(Bloomberg) -- U.S. bank stocks are headed for their worst losing streak in a year, burning investors who bought shares on expectations that the Federal Reserve raising rates for the first time since 2018 would boost the sector.

The KBW Bank Index fell as much as 3.8% on Monday, extending its recent slump to a sixth consecutive day since hitting a record high earlier this month, its longest run of losses since January 2021. Over that stretch, the gauge has declined more than 12% to fall into correction territory and has fallen below its 200-day moving average for the second time in two months.

“While we aren’t attempting to call a market bottom, we do view at least a substantial portion of the recent selloff in financial stocks as transitory, and largely fear-based as investors prepare for the Fed to raise interest rates and wonder whether it will negatively impact the economy,” said KBW analyst Christopher McGratty.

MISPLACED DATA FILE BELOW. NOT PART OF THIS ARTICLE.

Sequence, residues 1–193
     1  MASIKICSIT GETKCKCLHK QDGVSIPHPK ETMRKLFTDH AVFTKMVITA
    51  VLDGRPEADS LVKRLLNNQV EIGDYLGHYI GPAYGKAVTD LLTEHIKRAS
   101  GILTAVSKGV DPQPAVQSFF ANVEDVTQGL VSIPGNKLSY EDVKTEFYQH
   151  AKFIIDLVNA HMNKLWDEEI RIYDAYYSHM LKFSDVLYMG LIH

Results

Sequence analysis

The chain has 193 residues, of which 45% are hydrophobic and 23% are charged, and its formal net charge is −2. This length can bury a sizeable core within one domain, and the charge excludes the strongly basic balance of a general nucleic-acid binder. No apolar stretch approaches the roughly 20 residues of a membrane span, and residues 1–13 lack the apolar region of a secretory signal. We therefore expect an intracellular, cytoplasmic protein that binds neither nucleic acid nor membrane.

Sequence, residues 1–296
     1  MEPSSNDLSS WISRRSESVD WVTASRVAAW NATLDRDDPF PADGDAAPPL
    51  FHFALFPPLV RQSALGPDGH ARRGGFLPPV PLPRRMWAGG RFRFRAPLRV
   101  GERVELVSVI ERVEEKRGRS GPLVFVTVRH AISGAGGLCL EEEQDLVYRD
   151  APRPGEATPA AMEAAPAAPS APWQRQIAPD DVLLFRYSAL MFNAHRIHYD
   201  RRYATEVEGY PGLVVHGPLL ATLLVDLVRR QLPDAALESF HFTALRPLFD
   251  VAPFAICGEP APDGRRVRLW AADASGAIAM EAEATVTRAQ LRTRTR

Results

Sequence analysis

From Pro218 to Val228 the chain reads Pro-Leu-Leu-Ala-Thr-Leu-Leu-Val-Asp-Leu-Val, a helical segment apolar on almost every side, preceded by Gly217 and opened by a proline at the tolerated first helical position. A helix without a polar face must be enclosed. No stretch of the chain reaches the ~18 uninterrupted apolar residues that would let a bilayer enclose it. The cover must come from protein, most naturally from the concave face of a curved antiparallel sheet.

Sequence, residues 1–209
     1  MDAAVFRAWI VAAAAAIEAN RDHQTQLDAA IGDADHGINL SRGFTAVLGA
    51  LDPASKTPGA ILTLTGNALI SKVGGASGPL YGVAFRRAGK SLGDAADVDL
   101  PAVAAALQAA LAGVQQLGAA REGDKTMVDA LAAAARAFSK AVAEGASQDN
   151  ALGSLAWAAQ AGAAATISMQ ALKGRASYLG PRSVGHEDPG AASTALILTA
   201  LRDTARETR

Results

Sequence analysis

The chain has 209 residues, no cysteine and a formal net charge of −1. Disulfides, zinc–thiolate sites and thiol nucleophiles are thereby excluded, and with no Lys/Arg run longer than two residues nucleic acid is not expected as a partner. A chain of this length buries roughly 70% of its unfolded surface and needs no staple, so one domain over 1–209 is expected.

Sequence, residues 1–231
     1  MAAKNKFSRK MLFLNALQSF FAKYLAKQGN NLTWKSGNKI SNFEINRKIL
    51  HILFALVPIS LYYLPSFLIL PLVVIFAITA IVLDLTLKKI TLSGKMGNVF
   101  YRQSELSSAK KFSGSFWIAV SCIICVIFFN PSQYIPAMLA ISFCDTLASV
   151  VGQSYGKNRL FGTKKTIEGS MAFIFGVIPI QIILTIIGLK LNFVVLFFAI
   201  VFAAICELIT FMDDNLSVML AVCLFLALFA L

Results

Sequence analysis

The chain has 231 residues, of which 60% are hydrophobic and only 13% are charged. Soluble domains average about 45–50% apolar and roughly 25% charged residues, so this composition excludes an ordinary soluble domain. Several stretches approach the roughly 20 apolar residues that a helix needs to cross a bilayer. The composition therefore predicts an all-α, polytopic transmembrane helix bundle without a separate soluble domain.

Banking shares have come under significant pressure following a record start to the year as fourth-quarter earnings failed to deliver on high expectations and a slew of lenders warned that expenses will continue to climb this year. While some analysts believe that the share price reaction has been overblown, others have warned that the group is going to remain under pressure this year despite the prospects that the Fed could raise rates between three and four times in 2022.

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Adding to the selling pressure is a wave of negative sentiment that has overtaken the broader stock market as investors dump risk assets ahead of Wednesday’s Fed meeting and as tensions continue to grow between Russia and Ukraine. Bond yields have also retreated in recent days, with the U.S. 10-year Treasury yield falling for four straight days to hit 1.72%. 

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